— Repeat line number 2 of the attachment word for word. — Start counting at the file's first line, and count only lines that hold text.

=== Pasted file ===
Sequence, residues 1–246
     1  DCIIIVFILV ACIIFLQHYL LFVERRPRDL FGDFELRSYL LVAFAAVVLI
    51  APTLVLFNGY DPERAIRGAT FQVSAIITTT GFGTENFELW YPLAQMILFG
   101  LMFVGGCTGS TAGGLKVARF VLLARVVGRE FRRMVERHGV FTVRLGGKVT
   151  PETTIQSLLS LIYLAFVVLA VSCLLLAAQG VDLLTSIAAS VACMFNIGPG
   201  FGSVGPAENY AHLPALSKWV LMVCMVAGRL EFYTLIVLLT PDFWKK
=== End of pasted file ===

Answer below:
     1  DCIIIVFILV ACIIFLQHYL LFVERRPRDL FGDFELRSYL LVAFAAVVLI